I ran across this very cool website today that I wanted to share. Teaching Children Philosophy would be a great resource for homeschoolers but even those of us that don't could get a lot of mileage from the site. It uses children's literature to teach kids as young as elementary age (possibly younger). It would be nice if there was a larger selection of books in the list but I'm sure that most of us have at least a few of them in our collection.

Example: Questions for discussion of Where The Wild Things Are

One night a forest grows in Max's room.

1. Do you think the forest was real? Why/Why not?
2. How can we tell if the forest is real or not?
3. Could the forest be real to some people but not to other people?
4. If you think something is real, does that make it real?
5. If everyone agrees something is real, does it have to be real?
6. Can something be real for you but no one else?

When Max is at home, his mother makes the rules. But when he goes to where thewildthings are, he's in charge.

1. When do you have to listen to other people's rules?
2. Do you feel powerless then? Does that feelbad? Is anything good about it?
3. Do you ever get to make the rules? When?
4. Do you feel powerful in these situations? Does that feel good? Is there anything bad about it?
5. Would you like to make all the rules all the time?

Max is lonely and wishes he were where someone loved him best of all.

1. Can you think of a time when you felt lonely? What made you feel lonely?
2. Can you think of time you felt loved? What made you feel loved?
3. Do the wild things love Max?
4. Does Max's mom love Max?
5. Can you feel loneliness and love at the same time?
6. Can you be lonely even if you are with other people?
7. Can you feel loved all by yourself?

I'm curious what you think about the site. I'm a beginner when it comes to the subject of philosophy so I'm not able to critique it as well as I'd like.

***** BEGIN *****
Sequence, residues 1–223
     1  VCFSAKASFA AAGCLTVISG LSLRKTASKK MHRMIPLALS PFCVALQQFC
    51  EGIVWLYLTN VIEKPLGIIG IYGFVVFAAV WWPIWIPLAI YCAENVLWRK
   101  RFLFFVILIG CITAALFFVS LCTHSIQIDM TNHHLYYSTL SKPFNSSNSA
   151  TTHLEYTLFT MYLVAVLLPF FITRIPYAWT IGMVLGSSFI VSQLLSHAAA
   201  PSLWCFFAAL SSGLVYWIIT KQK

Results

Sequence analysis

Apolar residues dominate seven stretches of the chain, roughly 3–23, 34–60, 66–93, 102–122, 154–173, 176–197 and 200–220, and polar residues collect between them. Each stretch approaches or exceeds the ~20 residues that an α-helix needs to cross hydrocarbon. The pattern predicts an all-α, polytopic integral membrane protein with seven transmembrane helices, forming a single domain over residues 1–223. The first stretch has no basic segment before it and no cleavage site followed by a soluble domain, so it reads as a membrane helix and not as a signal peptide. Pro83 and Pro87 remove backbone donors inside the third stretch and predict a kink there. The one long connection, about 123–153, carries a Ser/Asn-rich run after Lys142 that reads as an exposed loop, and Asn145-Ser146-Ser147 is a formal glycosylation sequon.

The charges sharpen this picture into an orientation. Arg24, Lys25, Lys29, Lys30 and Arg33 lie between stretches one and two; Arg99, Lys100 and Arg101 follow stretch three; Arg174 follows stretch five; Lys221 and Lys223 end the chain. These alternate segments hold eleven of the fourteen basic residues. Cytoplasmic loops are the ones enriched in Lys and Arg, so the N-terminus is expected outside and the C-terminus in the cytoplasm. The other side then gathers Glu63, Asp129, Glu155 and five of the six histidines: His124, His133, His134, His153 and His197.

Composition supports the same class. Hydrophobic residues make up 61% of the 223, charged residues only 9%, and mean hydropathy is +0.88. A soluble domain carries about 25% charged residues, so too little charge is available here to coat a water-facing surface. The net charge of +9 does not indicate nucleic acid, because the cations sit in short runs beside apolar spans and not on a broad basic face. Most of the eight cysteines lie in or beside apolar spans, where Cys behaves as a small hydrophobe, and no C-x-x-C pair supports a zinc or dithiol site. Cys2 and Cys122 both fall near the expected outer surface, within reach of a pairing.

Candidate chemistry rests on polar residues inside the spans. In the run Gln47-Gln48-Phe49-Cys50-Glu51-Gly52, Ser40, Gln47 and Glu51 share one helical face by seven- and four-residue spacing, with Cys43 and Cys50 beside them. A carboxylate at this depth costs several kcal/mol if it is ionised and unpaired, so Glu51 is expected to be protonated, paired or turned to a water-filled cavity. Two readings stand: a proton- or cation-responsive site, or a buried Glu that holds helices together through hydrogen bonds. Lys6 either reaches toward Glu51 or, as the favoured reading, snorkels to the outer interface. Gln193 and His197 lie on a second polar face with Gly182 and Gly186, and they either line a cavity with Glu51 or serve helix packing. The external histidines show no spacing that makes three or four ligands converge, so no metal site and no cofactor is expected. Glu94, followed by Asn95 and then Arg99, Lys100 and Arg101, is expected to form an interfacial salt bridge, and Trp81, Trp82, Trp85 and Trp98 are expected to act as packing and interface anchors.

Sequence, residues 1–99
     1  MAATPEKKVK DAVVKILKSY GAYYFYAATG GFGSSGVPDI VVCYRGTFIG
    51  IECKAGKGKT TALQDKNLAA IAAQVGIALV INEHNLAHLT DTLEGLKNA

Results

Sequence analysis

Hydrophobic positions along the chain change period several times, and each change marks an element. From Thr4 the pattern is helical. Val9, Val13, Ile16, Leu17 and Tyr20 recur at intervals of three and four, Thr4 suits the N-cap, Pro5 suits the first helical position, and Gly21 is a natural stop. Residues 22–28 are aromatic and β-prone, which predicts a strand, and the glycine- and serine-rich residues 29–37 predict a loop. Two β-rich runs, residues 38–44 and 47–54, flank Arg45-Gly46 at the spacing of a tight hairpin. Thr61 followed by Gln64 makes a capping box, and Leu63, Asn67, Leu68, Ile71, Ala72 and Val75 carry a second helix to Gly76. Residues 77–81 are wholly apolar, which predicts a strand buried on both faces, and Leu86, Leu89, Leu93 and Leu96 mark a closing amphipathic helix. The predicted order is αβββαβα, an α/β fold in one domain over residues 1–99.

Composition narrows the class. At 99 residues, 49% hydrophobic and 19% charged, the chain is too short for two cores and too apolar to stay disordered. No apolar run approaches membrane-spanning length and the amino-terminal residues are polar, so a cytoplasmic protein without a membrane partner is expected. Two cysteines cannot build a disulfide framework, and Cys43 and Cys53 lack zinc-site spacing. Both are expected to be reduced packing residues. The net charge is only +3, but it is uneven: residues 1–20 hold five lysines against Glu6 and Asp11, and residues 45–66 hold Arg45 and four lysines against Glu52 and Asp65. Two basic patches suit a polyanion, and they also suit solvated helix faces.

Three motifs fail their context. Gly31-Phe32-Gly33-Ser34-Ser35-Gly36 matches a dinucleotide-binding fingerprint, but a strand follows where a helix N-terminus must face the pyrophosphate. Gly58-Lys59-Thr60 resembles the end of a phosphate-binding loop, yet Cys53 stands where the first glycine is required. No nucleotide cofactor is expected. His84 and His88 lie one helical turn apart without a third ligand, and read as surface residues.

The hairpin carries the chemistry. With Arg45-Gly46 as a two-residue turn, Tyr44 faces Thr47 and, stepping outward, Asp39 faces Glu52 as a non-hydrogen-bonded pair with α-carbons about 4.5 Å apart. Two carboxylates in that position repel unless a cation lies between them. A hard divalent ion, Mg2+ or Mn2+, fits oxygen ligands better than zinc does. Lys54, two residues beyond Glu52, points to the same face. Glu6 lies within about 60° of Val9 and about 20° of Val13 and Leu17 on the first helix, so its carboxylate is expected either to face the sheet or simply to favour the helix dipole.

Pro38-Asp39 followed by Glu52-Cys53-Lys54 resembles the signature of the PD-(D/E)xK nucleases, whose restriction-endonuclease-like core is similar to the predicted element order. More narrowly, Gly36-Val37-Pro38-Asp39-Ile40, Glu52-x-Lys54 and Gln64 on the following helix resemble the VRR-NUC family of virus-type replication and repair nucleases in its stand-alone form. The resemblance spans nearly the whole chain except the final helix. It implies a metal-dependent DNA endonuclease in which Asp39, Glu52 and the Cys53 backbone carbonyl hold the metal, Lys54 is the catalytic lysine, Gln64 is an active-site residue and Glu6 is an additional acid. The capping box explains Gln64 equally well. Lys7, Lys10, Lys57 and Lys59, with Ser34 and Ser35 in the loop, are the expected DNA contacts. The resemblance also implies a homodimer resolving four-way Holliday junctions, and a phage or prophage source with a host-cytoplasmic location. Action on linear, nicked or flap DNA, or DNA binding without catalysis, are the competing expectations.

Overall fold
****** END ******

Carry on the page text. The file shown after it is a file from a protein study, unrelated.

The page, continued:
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A few years ago my daughter was outside with a friend playing. This friend's mom was a very pushy christian, who I know put her daughter up to asking mine for the 5th time to go to Sunday school. Mine had enough of it and told her flat out "I don't believe in god". Well it turned into a 'my mom doesn't lie, well mine doesn't either, uh-huh' type arguement (they were barely 8). I just raised the window sill higher and turned off the sink. The little girl said "Well if there's no god, where did Adam & Eve come from...hmmmmm???" My baby girl (with NO COACHING) shrugged and said " I don't know, did they look like us?" Girl said "Duh, of course they did!" My daughter said "Then that means they had belly buttons, and that means they came from their mommies--cuz that's how babies eat in their mommies bellies!"

I couldn't stop laughing! The little girl asked her mom, which did spark her trot over to my house and tell me that if I don't care that I'm raising my daughter to go to hell, to have enough "decency" to not drag her daughter down too and tell her such evil words!!--My response was too long and not very warm to repost here--but let me tell ya...that philosophy just made me wanna load up and go to church!!!...lol
I think the important thing with philosophy (the love of wisdom) is that there are no right or wrong answers, much in the fashion of Socrates (Plato's author) the real point is to ask questions that make us think! not give us answers that allow us to be mentally static. I think the WHere The Wild Things Are is a fabulous book to start with, but any book or topic can be one which raises interesting and challenging questions, and kids come up with some GREAT reasoning!

mrs kelligurl: lol! great comeback to be proud of! I've heard the "well my mom wouldn't lie!" argument SO many times! I hope my son reaches the point in his beliefs/non-beliefs that he even questions ME!




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